The definition of workplace encompasses more than the four walls of the building. Workplace bullying, harassment, discrimination and violence can occur anywhere the business of the company is conducted. This includes places such as social functions, conferences, parking lots, and anywhere outside of the workplace if the discrimination and harassment has or could have workplace repercussions.

The Impact of Harassment

Even if a person being harassed does not verbally tell their harasser to stop, they may still express their discomfort or dislike through body language such as turning or walk away, crying, becoming silent or withdrawing from the conversation with the person/group. We all need to be aware of these signs.

What is not Harassment or Bullying?

It is important to understand that a supervisor or manager who provides professional direction, council, discipline or performance reviews as part of their job is not considered to be harassing their workers.

Poisoned Workplace

When an employee is being bullied, harassed or threatened and no one takes action to stop the behaviour, there is substantial impact on the entire workplace environment. Stress levels go up, other people feel at risk of being targeted, morale suffers, employees don’t feel safe, workers start looking for jobs at other organizations, absenteeism increases and job performance suffers, just to name a few. Most importantly, harassers or bullies are given the clear signal that they may continue their behaviour without fear or repercussion. Targets of harassment and bullying are often afraid to report their situation because they don’t want to rock the boat or are afraid they might not be believed or taken seriously, and might be disliked by their co-workers. They also often believe that they will be labeled as troublemakers or possibly lose out on promotions or even lose their job. In reality, all laws that cover harassment and bullying also provide for protection from any form of retaliation, reprisal or threat of reprisal for anyone who brings forward a complaint or is a witness in a complaint process.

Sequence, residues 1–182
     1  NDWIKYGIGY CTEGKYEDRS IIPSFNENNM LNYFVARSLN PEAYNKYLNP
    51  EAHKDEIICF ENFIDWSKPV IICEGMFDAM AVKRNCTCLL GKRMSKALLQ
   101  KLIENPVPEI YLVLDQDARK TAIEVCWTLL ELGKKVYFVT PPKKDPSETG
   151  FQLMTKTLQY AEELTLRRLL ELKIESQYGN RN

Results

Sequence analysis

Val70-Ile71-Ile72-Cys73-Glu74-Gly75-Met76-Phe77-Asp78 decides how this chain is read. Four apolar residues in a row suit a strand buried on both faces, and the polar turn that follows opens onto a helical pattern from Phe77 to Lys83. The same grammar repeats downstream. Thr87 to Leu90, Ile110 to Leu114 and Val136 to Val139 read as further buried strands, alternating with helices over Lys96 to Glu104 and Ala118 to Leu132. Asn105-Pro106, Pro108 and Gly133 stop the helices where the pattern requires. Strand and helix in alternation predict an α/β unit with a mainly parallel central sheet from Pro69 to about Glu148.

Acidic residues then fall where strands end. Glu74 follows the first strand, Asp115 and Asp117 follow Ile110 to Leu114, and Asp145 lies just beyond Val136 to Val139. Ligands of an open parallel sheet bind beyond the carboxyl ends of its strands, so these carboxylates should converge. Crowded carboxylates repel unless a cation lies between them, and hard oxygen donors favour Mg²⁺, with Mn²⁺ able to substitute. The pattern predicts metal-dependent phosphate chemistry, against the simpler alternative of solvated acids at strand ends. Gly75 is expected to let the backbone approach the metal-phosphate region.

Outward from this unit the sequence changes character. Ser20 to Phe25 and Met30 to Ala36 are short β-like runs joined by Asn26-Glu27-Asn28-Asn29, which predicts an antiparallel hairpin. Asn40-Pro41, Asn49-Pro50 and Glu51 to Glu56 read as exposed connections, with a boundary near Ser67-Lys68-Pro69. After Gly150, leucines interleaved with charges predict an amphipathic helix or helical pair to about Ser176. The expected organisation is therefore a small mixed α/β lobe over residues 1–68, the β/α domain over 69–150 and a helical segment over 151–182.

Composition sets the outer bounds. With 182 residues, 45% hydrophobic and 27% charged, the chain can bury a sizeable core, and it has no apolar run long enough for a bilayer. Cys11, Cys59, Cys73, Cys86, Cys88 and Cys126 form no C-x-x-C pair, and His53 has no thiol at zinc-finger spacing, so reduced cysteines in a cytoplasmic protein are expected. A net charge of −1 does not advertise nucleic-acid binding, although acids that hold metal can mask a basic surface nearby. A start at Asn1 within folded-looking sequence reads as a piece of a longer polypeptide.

What to do about Bullying Behaviour

There are a number of options available for employees who believe they are being harassed or the target of bullying behaviour or even violence, and for employees who have witnessed such behaviours.

  • Keep a record of dates, times, details, witnesses, and locations of all situations of harassment and bullying
  • Only if you feel safe doing so, make your concerns known to the harasser
  • Follow your employer’s internal complaint procedure
  • Tell your supervisor about the harassment and bullying behaviour
  • Inform your supervisor directly and immediately of a threat or act of violence
  • Report the matter to police when you deem it appropriate for your safety and that of your co-workers

What Employers Can Do About Bullying

Due diligence for employers requires that they:

  • Develop unambiguous anti-bullying, anti-harassment and anti-violence policies
  • Train employees and management on these policies
  • Set out a process for investigating complaints that is fair, thorough, unbiased, and objective
  • Avoid practices such as routine over assignment of overtime and extra work that are a threat to employees’ mental health and well being

Tips and Warning Signs:

Here are some simple tips and warning signs to help you determine if your or someone else’s behaviour has crossed the line into harassment bullying or violence:

  • If someone asks you to stop a particular behaviour, stop!
  • If you made someone cry, shake, become obviously uncomfortable, walk away or show any other signs of objection to what you have said or done, you have crossed the line.
  • Ask yourself, “how would I look if my behaviour was on the evening news?”
  • Would I behave this way if my partner or spouse was in the same room?
  • Would I act this way towards someone who looks up to me like my son, daughter, niece or nephew?
  • Does this interaction have mutual respect?
  • Am I feeling too emotional? is my face flushed? Do I feel my blood pressure going up or my hands clenched?
  • If you can answer yes to any of these questions, walk away and take a moment to calm down.

Common Sense

Your employer expects everyone in the organization to contribute to a healthy, safe, and respectful workplace by using common sense in all work related situations. It sounds simple but workers don’t always think before they speak. Consider another person’s feelings or count to ten when feeling angry or overwhelmed.

The law says that it is everyone’s right to work in an environment free from harassment, bullying and violence. It is also everyone’s responsibility to contribute to such an environment.

On average, we spend as much time with our co-workers as we do our own families during the week. It is healthy to feel comfortable, accepted and safe within our group, unfortunately some workers start to feel too comfortable and start behaving in ways that are not appropriate in the workplace.